Under the Provincial Priorities Act, any agreements between the federal government and any provincial entities – including municipalities – must receive provincial approval to be considered valid.

Agreements between the federal government and provincial entities lacking Alberta’s endorsement will be deemed illegal under this legislation.

When the legislation was announced, Smith was not mincing words:

“It is not unreasonable for Alberta to demand fairness from Ottawa. They have shown time and again that they will put ideology before practicality, which hurts Alberta families and our economy. We are not going to apologize for continuing to stand up for Albertans so we get the best deal possible.

“Since Ottawa refuses to acknowledge the negative impacts of its overreach, even after losing battles at the Federal and Supreme Courts, we are putting in additional measures to protect our provincial jurisdiction to ensure our province receives our fair share of federal tax dollars and that those dollars are spent on the priorities of Albertans.”

Although the federal government has limited direct authority in provincial jurisdiction, it can leverage its substantial financial resources to prompt or pressure provincial governments into specific actions.

The recent debate around zoning across the province is a prime example of federal encroachment.

The federal government offered money to cities to help with housing affordability challenges, but only made the money available if cities promised to change zoning policies.

Calgary Mayor Jyoti Gondek tried to claim that the federal housing funds were not contingent on the city’s rezoning efforts, but federal Housing Minister Sean Fraser posted a pretty strong response on social media platform X (formerly Twitter):

“If Calgary, or any other city, does not meet the conditions they have agreed to, we will withhold funding under the agreement.”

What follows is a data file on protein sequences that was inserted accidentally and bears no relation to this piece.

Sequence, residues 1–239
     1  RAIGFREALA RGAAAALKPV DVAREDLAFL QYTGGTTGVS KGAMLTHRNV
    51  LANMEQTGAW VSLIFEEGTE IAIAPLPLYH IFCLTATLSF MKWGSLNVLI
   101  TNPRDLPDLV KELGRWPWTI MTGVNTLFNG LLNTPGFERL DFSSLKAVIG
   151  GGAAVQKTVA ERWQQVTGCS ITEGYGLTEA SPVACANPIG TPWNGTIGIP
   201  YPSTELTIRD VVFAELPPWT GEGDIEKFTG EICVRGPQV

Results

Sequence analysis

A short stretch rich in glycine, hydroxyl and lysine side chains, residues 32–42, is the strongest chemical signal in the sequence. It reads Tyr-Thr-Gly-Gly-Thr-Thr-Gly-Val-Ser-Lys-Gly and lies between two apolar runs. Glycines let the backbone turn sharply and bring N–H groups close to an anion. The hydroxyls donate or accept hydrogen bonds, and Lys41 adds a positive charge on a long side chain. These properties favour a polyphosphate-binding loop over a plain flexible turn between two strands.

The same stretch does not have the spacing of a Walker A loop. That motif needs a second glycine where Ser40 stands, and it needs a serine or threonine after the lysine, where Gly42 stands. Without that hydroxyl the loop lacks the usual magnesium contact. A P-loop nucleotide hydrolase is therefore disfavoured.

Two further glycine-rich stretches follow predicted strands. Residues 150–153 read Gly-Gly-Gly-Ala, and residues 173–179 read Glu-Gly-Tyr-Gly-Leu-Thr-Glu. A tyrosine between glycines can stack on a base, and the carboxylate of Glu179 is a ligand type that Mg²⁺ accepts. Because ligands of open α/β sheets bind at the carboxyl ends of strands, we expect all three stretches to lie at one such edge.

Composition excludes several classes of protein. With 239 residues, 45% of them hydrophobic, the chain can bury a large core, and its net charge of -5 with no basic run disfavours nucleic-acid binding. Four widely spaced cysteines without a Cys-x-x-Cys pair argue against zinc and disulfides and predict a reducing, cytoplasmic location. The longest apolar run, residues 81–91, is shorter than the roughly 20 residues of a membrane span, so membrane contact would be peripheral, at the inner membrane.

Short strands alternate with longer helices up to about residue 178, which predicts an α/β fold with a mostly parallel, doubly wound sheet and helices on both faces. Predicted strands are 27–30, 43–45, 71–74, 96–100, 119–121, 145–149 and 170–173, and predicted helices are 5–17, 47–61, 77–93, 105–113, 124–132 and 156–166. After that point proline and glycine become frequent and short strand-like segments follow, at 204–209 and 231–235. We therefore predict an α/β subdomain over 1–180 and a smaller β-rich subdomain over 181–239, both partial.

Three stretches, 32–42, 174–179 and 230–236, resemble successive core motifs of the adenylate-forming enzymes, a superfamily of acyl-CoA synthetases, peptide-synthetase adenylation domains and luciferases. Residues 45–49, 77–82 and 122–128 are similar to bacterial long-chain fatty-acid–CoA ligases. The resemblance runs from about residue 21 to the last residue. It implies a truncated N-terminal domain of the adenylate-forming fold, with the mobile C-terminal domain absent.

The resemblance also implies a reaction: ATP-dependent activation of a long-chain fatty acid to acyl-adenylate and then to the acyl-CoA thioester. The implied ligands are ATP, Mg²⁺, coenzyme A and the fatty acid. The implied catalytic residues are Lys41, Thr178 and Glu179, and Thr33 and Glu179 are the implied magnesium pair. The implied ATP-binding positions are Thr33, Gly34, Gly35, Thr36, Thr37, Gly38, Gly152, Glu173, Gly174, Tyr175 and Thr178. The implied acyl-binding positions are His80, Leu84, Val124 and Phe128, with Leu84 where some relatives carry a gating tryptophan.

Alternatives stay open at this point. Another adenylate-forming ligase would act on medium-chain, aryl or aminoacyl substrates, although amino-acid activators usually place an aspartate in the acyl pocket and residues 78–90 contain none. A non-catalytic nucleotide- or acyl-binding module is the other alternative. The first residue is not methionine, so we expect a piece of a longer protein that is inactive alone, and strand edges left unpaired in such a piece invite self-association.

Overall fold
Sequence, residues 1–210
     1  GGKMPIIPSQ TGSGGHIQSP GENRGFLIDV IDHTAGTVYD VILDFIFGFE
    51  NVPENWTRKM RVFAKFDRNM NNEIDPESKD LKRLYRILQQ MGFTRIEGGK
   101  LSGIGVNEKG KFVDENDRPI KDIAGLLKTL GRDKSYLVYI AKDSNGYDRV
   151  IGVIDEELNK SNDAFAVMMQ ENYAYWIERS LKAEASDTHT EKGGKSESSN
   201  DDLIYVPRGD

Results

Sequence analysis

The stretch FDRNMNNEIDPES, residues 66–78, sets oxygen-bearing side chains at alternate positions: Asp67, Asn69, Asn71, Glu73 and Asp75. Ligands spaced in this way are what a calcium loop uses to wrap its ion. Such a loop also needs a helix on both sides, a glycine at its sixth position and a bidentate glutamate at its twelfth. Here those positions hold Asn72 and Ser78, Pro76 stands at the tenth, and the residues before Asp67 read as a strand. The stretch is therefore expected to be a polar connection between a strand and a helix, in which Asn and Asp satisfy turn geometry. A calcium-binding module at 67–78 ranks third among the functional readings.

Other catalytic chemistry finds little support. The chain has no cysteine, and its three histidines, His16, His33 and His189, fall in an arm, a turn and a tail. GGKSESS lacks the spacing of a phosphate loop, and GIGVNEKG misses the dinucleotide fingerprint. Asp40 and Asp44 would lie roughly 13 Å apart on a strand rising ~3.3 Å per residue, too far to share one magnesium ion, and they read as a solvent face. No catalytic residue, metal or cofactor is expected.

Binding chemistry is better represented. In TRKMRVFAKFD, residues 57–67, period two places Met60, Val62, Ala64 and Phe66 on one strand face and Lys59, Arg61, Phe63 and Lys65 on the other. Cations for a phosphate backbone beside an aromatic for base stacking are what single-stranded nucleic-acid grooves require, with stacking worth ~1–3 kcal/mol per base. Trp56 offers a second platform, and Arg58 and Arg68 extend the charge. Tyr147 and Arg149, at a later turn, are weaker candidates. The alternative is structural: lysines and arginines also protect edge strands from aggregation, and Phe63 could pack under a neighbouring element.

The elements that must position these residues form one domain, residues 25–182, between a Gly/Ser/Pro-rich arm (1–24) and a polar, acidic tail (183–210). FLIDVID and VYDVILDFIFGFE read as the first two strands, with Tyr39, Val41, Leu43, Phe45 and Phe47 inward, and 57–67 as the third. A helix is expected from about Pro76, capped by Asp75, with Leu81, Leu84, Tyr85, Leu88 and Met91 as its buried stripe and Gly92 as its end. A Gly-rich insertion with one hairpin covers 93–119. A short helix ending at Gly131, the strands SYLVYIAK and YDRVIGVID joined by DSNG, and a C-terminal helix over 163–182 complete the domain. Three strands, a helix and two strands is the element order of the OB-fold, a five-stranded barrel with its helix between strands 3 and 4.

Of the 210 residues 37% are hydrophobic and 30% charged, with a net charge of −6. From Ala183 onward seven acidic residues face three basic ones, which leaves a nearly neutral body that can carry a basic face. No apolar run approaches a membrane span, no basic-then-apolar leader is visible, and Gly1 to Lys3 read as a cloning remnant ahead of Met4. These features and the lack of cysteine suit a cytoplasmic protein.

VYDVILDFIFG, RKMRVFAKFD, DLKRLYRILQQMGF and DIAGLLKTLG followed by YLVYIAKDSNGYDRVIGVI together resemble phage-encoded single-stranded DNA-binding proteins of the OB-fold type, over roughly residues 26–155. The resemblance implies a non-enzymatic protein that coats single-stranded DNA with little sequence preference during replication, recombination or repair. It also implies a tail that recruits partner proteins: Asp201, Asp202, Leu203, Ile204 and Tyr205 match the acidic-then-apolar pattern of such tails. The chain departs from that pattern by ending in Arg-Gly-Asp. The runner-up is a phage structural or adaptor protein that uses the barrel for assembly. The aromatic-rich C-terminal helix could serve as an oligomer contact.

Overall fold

The federal government played the same trick in many other provinces, too.

But, notably, in Quebec, the federal government just gave the Quebec government the cash and let them distribute it to their municipalities without conditions.

It’s tempting to think this is just more federal bias towards Quebec.

But, actually, this is a great example of how pushing back can have results.

You see, the Provincial Priorities Act in Alberta is modeled after existing legislation in Quebec, known as “An Act Respecting the Ministère du Conseil exécutif,” which prohibits any municipal body from negotiating or entering into agreements with the federal government or its agencies without explicit authorization from the Quebec government.

If Ottawa wants to meddle in Quebec’s jurisdiction, it must first seek Quebec’s approval.

And it works – the federal government got back in line.

Now, with the Provincial Priorities Act, if Ottawa wants to meddle in Alberta’s jurisdiction, it must first seek Alberta’s approval.

It’s time for Ottawa to recognize Alberta’s autonomy and respect our right to determine our own future.

At the Free Alberta Strategy, we understand that constant vigilance is necessary – every time we establish a boundary, the federal government tries to circumvent it.

We will continue to inform you about what’s happening in Alberta and fight to keep Ottawa out.

But we need your support.

With your help, we can continue our work to defend Alberta’s sovereignty and serve the best interests of all Albertans.

Enough is enough – we will not stand by while our interests are disregarded.